Corrie Sanders – Days of Glory: A Sniper is Laid To Rest

By Phenyo Molefe: Corrie Sanders’ life was celebrated as more than a thousand friends, family and sports personalities from various disciplines gathered on Monday to bid him farewell in a ceremony held in Pretoria, South Africa.

Just over a week ago one of boxing’s own sons sustained fatal gunshot wounds while attempting to shield his daughter from harm. Speculation has flared an investigation into claims his death could have been averted had he not been turned away from first hospital he was sent to. His murderers made their first court appearance earlier this week and remain incarcerated. The coming weeks or months may give us greater detail pertaining to events leading to his death however the details pertaining to his boxing career remain clear to us.

Read moreCorrie Sanders – Days of Glory: A Sniper is Laid To Rest

Corrie “The Sniper” Sanders…shot dead at age 47

By Joseph Herron – It’s been confirmed that former WBO Heavyweight Champion Corrie “The Sniper” Sanders has died this morning after being shot in the stomach at the “Thatch Haven Restaurant” just outside of Pretoria, South Africa.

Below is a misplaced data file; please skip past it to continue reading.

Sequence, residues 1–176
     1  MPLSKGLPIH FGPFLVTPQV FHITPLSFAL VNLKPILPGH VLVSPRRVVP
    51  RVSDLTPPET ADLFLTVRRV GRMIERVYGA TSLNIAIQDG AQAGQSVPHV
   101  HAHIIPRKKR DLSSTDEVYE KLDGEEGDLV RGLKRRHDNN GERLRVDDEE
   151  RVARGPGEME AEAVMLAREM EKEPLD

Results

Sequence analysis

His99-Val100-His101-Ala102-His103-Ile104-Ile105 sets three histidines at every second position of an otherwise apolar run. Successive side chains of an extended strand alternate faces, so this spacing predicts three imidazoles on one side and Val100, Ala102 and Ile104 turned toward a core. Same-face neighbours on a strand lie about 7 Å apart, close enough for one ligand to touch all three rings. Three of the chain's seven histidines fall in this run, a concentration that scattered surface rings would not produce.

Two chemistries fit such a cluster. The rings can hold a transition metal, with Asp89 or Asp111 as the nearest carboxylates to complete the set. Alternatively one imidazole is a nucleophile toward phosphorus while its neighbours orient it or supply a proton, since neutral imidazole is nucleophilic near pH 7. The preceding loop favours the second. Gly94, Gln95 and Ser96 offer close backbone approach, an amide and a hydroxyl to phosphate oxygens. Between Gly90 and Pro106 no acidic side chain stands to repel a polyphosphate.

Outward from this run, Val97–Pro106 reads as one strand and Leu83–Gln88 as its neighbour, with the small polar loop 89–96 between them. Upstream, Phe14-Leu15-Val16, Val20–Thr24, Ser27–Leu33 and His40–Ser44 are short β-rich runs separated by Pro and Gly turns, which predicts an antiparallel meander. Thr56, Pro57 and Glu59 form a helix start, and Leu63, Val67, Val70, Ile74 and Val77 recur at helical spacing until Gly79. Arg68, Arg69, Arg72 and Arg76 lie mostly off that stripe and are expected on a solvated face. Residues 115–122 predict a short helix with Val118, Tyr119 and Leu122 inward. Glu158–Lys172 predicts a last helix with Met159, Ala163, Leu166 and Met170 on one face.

The 47 year old southpaw was attending his nephew’s 21 st Birthday party when three unknown assailants entered the restaurant and robbed several customers before opening fire in and outside of the establishment.

The proprietor of the establishment, Johan de Jager, described what transpired yesterday evening at 8PM SAST (South Africa Standard Time), which is six hours ahead of Eastern Standard Time.

“Three guys came inside and just started shooting. Unfortunately during the shooting, they shot Corrie.”

The hard punching Heavyweight was rushed to Kalafong Hospital for emergency surgery but died at 4AM SAST this morning due to complications associated with the injury.

Former trainer Harold Volbrecht was understandably emotional when news of his fighter’s passing had been publicized

“This is very sad. My heart is broken. It’s just terrible. I can’t believe this has happened.”

Read moreCorrie “The Sniper” Sanders…shot dead at age 47

20 Years Ago Next Month, UK’s ‘Dark Destroyer’ Nigel Benn Wins WBC Crown

Boxing History - By Rick Murray - Doesn't time fly. It was early October 1992, and Nigel Benn -long-time labelled on both sides of the Atlantic as boxing's most exciting fighter- is preparing to face awkward, cagey Italian spoiler and WBC 168lb. ruler Mauro 'Rocky' Galvano. Known for his smothering, ring movement, clinching and countering, as well as being a former light-heavyweight (Benn was a former middleweight), Galvano started as the betting favourite and pre-fight tip by all pundits.By Rick Murray – Doesn’t time fly. It was early October 1992, and Nigel Benn -long-time labelled on both sides of the Atlantic as boxing’s most exciting fighter- is preparing to face awkward, cagey Italian spoiler and WBC 168lb. ruler Mauro ‘Rocky’ Galvano. Known for his smothering, ring movement, clinching and countering, as well as being a former light-heavyweight (Benn was a former middleweight), Galvano started as the betting favourite and pre-fight tip by all pundits.